Colorado Law Offers Fresh Opportunities for Real-World Experience

Students will explore employment law and indigenous rights through new clinic and service projects

This fall, the University of Colorado Law School will be offering new opportunities for students to gain hands-on experience with clinics and public service work on employment law, Colorado’s new “ban the box” legislation and a project that straddles the intersection of indigenous rights, policy and business.

The law school’s Civil Practice Clinic has taken on a new employment law focus under the direction of Associate Clinical Professor Zach Mountin. The clinic is designed for 2L and 3L students to hone their litigation skills and practice strategizing and planning cases. Mountin said employment law is a useful avenue for teaching students about the civil litigation process because the subject matter is familiar and approachable, and the disputes students will be handling can typically be resolved within a matter of months, rather than years.

“It allows students to experience the whole litigation process from start to end within the course of the clinic year, as opposed to coming into the midst of an ongoing multi-year litigation,” Mountin said.

Students will be able to try their hand at everything from alternative dispute resolution to formal adjudication. One area the clinic will focus on is wage and hour claims, and students will file complaints with the Colorado Department of Labor and Employment and various courts. 

The clinic will also take on cases related to due process hearings for state and federal employees at risk of losing their jobs or being suspended. Additionally, students will participate in employment discrimination mediation before the Equal Employment Opportunity Commission and the Colorado Civil Rights Division.

The Civil Practice Clinic is a long-running clinic formerly run by clinical professor emeritus Norman Aaronson, who recently retired after four decades on faculty at the law school. The opening gave Mountin the opportunity to take the clinic in a new direction to focus on what he said is one of the fastest growing fields of litigation while responding to student demand.

“We have really good doctrinal classes in employment and labor law, but there wasn’t an offering in the clinics that really mirrored that,” said Mountin, who handled a lot of employment law cases as a trial attorney at the U.S. Department of Housing and Urban Development.

Mountin will also be leading a new public service project on the “Colorado Chance to Compete Act,” which takes effect Sept. 1 and prohibits employers from asking about a job applicant’s criminal history on an initial application. Colorado was the 13th state to adopt a “ban the box” law for private employers.

As part of the Ban the Box public service project, CU Law students will identify and research violations, draft complaints and help ensure compliance and early awareness of the new law among employers.

CU’s service projects require much less of a time commitment than full-year clinics, and students can sign on to provide just a few hours of research on a complaint as their schedules allow, according to Mountin. Participation is open to all law students.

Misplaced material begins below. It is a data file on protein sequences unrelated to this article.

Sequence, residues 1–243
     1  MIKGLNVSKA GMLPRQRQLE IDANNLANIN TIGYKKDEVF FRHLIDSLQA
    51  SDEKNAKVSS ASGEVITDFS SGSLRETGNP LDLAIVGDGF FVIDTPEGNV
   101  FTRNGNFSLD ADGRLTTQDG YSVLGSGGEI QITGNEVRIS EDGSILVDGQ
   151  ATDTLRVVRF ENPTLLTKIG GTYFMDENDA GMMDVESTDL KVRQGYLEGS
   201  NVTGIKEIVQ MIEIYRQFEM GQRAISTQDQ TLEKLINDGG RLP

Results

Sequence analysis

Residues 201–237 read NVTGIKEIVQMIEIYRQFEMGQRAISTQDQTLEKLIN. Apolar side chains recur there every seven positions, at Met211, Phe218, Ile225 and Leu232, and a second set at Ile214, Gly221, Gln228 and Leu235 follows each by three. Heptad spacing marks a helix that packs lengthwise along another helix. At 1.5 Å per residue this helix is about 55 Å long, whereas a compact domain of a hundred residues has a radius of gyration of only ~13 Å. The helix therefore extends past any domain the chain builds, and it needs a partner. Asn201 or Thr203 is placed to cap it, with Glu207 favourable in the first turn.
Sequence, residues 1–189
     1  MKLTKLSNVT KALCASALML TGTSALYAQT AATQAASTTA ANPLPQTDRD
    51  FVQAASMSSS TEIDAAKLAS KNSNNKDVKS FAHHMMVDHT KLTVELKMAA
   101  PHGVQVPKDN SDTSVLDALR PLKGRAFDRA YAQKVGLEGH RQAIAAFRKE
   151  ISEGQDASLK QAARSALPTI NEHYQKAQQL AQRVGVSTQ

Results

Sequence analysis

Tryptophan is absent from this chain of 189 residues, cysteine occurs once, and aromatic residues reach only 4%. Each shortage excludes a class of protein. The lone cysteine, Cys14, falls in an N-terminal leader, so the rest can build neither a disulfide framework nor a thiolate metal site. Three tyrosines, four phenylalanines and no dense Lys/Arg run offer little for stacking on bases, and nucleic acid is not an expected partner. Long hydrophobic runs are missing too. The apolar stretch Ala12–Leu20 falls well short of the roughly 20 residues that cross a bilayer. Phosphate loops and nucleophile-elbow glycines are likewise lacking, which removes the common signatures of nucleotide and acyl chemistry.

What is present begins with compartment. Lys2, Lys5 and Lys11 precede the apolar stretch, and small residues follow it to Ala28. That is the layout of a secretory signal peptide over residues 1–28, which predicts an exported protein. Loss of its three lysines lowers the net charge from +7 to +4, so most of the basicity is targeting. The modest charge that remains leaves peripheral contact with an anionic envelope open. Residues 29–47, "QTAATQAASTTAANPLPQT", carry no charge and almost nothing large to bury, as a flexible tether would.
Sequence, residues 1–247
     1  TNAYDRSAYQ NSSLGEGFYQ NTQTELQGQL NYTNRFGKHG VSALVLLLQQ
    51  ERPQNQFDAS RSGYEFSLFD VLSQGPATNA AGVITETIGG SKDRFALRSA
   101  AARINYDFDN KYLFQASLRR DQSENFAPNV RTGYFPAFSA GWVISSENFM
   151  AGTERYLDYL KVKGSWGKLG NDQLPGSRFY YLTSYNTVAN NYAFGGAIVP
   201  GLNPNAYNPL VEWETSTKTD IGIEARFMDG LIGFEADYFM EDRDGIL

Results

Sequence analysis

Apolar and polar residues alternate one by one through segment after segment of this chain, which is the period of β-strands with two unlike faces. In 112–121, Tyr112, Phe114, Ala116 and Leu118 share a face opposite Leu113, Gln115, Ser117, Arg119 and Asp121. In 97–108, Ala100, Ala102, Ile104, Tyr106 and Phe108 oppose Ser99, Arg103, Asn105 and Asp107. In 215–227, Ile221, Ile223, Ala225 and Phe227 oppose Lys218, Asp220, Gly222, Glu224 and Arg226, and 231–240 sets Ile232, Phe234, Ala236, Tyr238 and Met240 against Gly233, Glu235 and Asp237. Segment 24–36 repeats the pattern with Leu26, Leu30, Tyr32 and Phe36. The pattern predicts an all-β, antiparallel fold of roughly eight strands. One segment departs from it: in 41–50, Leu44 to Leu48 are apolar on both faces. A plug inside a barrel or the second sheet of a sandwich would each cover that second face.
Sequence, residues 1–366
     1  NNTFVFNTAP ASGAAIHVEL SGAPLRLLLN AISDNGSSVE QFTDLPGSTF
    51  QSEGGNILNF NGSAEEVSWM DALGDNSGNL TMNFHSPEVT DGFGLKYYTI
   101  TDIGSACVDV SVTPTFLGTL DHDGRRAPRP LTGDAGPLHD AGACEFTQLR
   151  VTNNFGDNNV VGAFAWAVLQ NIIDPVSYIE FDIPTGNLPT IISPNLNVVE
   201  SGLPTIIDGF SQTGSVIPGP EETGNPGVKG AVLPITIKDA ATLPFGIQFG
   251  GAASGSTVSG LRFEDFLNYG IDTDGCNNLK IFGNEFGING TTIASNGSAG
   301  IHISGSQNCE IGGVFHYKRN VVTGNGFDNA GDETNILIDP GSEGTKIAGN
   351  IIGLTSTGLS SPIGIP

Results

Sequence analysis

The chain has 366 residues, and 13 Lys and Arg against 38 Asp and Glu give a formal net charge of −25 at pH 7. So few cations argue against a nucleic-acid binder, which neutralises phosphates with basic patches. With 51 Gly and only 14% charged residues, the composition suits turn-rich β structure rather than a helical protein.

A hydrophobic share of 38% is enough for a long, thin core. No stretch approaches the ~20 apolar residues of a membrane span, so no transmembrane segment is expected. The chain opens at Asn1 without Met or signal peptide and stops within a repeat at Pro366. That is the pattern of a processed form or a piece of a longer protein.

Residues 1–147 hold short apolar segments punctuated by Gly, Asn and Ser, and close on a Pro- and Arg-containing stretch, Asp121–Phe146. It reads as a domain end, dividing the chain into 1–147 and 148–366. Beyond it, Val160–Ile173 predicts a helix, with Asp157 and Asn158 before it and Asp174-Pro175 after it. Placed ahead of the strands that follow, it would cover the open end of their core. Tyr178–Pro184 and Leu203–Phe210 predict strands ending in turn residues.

“It’s a chance for them to see things in action. Especially students that are in their first year, it’s sometimes difficult for them to see the real-world implications of what they’re learning,” Mountin said.

The Colorado Center on Law and Policy and the workers’ rights organization Towards Justice will work with the students as part of the Ban the Box project to help identify violations and formulate a strategy to ensure employer compliance. Towards Justice will also act as a partner and refer cases for the employment law clinic, Mountin said.

Another service project, the First Peoples Project led by Associate Clinical Professor Carla Fredericks, is designed to expose students to the policy and human rights work being done by First Peoples Worldwide, a partnership between the law school and the business school. First Peoples Worldwide provides research, advising and policy advocacy on how business and investment affect indigenous rights.

First Peoples Worldwide is currently consulting on a new version of the Equator Principles — a framework for banks and other financial institutions on managing environmental and social risk. Through the service project, students will be involved in researching policy standards and writing legal memos about the principles as they relate to indigenous rights.

Recent events like the Dakota Access Pipeline controversy have underscored the need for businesses to consult with indigenous peoples on projects and take human rights risks seriously, according to Fredericks. The 2016 protests and divestment campaign over the Dakota Access Pipeline brought billion-dollar losses and reputational harm to the banks invested in the project.

Even students without a strong background or interest in indigenous issues can benefit from participating in the project, thanks to its interdisciplinary and business focus.

“It’s a really good place to get their feet wet in the world of finance, and there aren’t many opportunities to do that in law school,” Fredericks said. 

For students struggling to balance their passion for human rights and public interest work with more lucrative opportunities in industry, the project offers other lessons.

“At the end of the day, students come in and they sort of have a binary view of the world. They think it’s either you’re really in it for the money, or you’re in it for the good,” Fredericks said.

“And I think that the reality is that lawyers work in the in-between space very often, and this project will really assist students in being able to see a little bit beyond what their expectations are […] and what their role can be.

 — Jessica Folker

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